Written In Stone: Nova Scotian Geologist Unsure of Alton Gas

The health of the Shubenacadie River is time and again the focus of resistance to Alton Gas, the Stewiacke company intent on hollowing out local salt caverns and dumping the resulting brine into this fragile watershed. A local geologist, however, is equally concerned with the caverns themselves.

Robert Grantham has spent a career underground, serving as a mining geologist in northern Manitoba and as curator of geology at Nova Scotia’s Museum of Natural History. He took active part in establishing Newfoundland’s Johnson Geo Centre as its founding executive director, and is a past president of the Atlantic Geoscience Society. Retirement found him in 2014.

“It’s not a happy situation [at Alton Gas],” he said. “My problem is that I can’t get any information out of the company. I’ve tried many times and just can’t.”

The holes drilled by Alton Gas to locate these salt deposits contain a wealth of information for people like Grantham, namely the amount of salt and what other mineral deposits exist throughout. The integrity of any would-be caverns can be predicted from these drill holes, except their contents have not been made publicly available.

If these holes revealed solid, uninterrupted deposits of salt, said Grantham, the caverns they produce would probably hold natural gas without issue. If these deposits of salt are mixed, however, with layers of limestone or dolomite, these minerals will expose resulting caverns to weakness. If this should happen, and these caverns fail pressure tests, they will be useless, and the entire project will come to a halt. In this way, Alton Gas might be setting itself up for failure.

“If there are interspersed beds of any kind in the salt, it could create a leak, and that’s the problem,” said Grantham.

After raising these concerns and others in print several years back, Grantham received a call from an unnamed vice president of the Calgary based AltaGas, parent company to Alton Gas. While they would not give him the results of their drill hole analyses, they did read some results aloud over the phone. Apparently, there’s a lot of dolomite down there, raising red flags for Grantham.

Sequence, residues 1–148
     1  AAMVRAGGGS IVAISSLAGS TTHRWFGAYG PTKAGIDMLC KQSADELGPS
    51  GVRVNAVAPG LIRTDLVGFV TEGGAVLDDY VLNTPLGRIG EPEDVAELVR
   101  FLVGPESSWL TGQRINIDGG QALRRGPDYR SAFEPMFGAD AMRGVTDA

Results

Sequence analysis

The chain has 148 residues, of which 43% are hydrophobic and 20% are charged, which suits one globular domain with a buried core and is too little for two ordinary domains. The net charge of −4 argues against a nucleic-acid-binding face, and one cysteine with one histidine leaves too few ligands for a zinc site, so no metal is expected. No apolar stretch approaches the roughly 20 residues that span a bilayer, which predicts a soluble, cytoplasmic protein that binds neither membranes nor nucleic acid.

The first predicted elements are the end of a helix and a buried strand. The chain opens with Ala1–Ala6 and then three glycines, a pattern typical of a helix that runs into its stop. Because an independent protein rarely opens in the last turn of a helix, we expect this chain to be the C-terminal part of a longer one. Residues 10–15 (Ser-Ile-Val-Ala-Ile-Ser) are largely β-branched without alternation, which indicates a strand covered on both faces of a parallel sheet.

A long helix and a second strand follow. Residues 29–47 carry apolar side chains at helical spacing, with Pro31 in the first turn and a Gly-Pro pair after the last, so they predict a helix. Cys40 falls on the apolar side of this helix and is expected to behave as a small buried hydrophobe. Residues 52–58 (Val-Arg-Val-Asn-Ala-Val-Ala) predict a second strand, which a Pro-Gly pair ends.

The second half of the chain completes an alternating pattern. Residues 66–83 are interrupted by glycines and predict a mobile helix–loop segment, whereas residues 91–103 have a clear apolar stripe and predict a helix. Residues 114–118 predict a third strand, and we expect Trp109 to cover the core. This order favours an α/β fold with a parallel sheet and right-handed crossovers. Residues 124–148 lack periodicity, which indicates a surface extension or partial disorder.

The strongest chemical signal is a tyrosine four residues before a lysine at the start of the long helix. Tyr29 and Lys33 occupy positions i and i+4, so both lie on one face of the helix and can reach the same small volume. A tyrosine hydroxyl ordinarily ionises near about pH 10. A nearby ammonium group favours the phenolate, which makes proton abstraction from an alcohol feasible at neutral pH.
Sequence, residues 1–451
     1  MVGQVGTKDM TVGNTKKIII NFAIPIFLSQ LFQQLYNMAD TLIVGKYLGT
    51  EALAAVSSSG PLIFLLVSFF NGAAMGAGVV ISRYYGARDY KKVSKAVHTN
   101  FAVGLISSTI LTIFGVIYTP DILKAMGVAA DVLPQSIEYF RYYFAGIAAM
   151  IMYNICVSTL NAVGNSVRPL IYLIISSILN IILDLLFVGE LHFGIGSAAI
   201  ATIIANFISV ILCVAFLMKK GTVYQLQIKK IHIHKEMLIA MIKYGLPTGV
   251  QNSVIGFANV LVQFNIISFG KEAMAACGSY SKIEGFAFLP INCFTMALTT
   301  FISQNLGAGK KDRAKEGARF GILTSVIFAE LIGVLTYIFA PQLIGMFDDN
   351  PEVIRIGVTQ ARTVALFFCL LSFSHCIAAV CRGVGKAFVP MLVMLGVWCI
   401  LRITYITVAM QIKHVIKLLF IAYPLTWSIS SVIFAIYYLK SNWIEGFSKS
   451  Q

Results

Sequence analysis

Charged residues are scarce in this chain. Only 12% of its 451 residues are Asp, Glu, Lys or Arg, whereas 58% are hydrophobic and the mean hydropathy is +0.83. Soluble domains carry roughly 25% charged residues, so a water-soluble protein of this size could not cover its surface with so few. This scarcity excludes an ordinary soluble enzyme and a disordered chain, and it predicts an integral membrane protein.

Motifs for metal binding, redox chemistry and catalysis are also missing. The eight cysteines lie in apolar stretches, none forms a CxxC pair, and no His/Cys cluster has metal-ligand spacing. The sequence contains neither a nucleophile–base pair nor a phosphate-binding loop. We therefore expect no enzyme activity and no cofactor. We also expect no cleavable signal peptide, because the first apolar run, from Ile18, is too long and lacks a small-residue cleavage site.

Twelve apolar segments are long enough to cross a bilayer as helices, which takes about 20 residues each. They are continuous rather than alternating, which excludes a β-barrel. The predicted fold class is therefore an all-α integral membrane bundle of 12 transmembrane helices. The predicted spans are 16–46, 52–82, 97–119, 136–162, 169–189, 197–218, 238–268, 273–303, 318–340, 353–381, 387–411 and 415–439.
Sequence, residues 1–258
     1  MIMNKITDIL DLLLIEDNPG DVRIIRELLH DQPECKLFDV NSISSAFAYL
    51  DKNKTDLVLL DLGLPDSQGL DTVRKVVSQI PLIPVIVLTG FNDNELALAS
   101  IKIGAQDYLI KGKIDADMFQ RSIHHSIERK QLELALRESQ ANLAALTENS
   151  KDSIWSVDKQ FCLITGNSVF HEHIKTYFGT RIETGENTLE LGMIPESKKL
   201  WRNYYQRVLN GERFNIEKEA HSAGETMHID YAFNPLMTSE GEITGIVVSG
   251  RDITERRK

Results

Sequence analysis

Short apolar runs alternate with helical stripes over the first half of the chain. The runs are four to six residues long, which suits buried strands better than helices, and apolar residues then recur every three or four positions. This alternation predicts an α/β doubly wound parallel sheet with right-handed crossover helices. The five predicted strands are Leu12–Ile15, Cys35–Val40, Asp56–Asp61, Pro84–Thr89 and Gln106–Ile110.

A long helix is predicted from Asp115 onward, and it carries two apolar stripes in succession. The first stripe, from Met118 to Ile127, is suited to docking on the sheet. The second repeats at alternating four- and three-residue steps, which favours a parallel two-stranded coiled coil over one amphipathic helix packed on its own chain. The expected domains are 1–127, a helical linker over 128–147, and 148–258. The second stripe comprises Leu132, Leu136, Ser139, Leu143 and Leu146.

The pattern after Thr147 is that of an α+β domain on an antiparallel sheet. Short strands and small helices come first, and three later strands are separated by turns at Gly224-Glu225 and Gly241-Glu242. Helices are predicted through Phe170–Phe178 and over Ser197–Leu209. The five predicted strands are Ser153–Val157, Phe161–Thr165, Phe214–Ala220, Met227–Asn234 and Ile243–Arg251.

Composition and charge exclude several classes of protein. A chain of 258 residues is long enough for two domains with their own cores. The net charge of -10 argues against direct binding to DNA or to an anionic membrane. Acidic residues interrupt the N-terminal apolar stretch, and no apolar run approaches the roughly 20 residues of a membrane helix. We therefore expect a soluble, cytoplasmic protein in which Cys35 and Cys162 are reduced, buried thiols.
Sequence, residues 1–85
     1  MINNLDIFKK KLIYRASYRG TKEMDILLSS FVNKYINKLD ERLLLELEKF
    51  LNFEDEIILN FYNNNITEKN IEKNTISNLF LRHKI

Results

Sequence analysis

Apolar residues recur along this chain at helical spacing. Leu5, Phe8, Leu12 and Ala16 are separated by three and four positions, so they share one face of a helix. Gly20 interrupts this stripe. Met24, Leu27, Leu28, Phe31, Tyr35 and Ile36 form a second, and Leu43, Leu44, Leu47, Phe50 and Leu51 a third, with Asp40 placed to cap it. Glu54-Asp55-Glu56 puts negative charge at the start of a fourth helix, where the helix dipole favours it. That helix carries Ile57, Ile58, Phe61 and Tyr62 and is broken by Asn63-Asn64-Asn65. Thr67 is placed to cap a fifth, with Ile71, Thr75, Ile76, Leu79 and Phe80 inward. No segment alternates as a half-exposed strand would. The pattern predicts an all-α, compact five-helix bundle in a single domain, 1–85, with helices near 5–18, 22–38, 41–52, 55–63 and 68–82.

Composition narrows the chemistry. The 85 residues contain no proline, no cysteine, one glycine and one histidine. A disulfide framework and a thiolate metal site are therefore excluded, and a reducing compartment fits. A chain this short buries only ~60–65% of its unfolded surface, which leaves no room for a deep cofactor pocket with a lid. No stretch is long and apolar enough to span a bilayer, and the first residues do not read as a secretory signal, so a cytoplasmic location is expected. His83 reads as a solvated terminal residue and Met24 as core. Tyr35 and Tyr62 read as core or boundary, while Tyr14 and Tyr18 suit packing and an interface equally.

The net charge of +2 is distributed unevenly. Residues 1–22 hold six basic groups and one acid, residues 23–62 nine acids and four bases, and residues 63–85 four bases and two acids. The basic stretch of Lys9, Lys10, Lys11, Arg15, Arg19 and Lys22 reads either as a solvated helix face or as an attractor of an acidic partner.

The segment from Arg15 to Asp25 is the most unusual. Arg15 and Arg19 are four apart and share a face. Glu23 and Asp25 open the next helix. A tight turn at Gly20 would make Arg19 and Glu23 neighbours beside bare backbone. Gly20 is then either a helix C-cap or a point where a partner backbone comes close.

“My whole problem is a lack of information from the company about the geology, about their drill holes, and about how much salt they’re encountering in each hole,” he said. “Without that information made public, they’ll dig out these caverns, dump all of this salt into the Shubenacadie – which is a horrible idea – and then, if it fails the pressure test, it’s game over. So, why not share the information about the geology now? Why not let experts talk about it?”

Cavernous natural gas storage is not a novel technique. Grantham is aware of similar projects and while, to his knowledge, there are no summary reports of their performance, his impression has been that no storage cavern is without its problems. A similar project undertaken in Port Hastings, Cape Breton, in the 1970s produced several such caverns, all of which failed pressure tests and were never used.

“I can see the same thing happening here,” he said.

And then there are earthquakes. Grantham said such terrestrial tremours are not unheard of in the Maritimes and are probably a consequence of the region rebounding from the last ice age (we’re still settling after the melting of heavy glaciers). These earthquakes have not been significant – 3.8, 3.9 – enough to rattle dishes and spook wildlife, but not enough to do serious damage.

The mass removal of salt to produce misshapen caverns might result in local instability, said Grantham, making earthquakes a possibility in the Stewiacke area, the severity of which cannot be guessed. He points to the increased frequency of earthquakes (by orders of magnitude) from hydraulic fracturing operations across North America.

“I’m not against the project, not at all, but I am against not sharing information and not proving, to me and the public, that these caverns can be developed safely and appropriately,” said Grantham. “I’m after professionalism; I’m after a high standard. I would love to meet with Alton Gas, to go over their interpretations of their drill holes, but that will never happen.”

Zack Metcalfe is a freelance journalist, columnist and author active across the Maritimes. This article was originally published with The Weekly Press.

One Reply to “Written In Stone: Nova Scotian Geologist Unsure of Alton Gas”

  1. Thie Alton Gas Project did not consult with Mi’kmaq and Sipekne’katik band does not consent to this project.
    Alton has produced faulty science tests to get illegal permits and the Federal and Provincial governments have circumvented laws that were made to protect the environment from energy corporations pollution of deleterious substances on the land and in the waters. We are protecting our watershed as is our sacred responsibility and Treaty Rights, as our Ancestors intended, for all future generations. Alton cannot buy our water and our food security and poison all life that depends on the water to survive.

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